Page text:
No matter where you live when you travel 30 miles or 300 things change..from weather on a big scale to maybe a farmer or rancher who is dealing with a family issue or extenuating circumstances it comes down to just taking a moment to assess the situation and make the right choice.
The Oct. 4-5 snowstorm that covered southwestern North Dakota may present some challenging travel conditions for hunters when the 2013 pheasant season opens this Saturday.
State Game and Fish Department officials say that while most of the foot or more of snow that fell in some counties will likely be gone, the moisture left behind may still make travel difficult on some section line trails and other unimproved roads.
“We’ve been getting a lot of calls about how the storm affected the southwest, because it’s a popular area and part of our primary pheasant range,” said Game and Fish Director Terry Steinwand. “Hunters should just be aware that there might be some impassable or very muddy roads to contend with, and they may want to call their local contacts to get an idea of how the storm may have affected their traditional hunting area.”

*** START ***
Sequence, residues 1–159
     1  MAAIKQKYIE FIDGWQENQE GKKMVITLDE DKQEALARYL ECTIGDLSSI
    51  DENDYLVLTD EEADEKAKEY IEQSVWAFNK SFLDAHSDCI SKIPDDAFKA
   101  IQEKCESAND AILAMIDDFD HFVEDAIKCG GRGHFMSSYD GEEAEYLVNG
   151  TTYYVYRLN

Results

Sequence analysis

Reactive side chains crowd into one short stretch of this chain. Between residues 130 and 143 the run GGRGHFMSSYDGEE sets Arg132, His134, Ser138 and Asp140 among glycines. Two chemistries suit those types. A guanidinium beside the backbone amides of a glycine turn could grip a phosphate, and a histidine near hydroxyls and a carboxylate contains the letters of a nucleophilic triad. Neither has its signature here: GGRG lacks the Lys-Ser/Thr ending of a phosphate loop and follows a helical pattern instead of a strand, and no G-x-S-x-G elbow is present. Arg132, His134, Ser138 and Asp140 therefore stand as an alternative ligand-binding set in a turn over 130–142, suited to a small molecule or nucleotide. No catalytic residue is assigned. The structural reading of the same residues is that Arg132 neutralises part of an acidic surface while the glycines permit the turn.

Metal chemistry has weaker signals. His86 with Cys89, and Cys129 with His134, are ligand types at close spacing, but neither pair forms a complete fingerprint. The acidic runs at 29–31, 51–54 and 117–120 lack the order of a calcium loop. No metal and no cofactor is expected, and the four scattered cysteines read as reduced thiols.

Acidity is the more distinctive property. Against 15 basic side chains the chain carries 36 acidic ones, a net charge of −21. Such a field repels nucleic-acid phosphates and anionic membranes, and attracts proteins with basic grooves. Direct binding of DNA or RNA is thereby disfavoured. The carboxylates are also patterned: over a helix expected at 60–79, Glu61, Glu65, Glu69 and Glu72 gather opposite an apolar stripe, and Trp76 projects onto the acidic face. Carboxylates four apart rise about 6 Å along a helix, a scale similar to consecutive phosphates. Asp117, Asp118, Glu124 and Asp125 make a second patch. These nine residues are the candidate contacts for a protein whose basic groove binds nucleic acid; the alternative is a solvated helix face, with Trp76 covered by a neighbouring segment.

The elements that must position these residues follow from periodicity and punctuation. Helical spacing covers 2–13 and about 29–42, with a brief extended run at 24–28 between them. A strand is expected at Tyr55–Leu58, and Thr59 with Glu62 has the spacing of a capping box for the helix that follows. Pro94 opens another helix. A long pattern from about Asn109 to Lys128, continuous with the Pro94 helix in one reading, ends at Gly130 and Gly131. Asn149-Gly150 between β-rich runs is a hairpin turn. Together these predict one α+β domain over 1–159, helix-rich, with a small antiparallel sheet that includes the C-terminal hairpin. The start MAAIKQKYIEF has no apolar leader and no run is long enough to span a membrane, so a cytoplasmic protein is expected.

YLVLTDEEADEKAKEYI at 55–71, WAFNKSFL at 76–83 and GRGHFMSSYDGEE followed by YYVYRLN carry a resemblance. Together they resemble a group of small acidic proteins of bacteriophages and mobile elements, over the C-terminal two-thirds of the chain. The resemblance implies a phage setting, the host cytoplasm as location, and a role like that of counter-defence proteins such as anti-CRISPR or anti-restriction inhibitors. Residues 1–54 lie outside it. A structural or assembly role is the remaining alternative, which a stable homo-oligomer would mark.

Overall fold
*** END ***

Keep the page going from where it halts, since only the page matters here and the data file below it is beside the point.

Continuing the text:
In addition, Steinwand said hunters should watch out for ranchers moving cattle or power company crews fixing lines, and make sure to not block roadways.
Many hunters have also inquired to Game and Fish about pheasant mortality from the storm, where the most snow fell south of Interstate 94, and east of U.S. Highway 85 and west of the Missouri River. Generally, more snow fell closer to the South Dakota border.
Game and Fish has had a few reports from landowners, but Steinwand said it’s still too early to assess whether there was any significant pheasant mortality.
“The pheasant opener is a longstanding tradition in North Dakota and many hunters make their plans months in advance,” Steinwand said. “We want hunters to enjoy the weekend, but we also want them to know this was an unprecedented snowstorm in some areas, and there is more rain in the forecast before the weekend, so we urge extra care in areas where road and field conditions are wet.”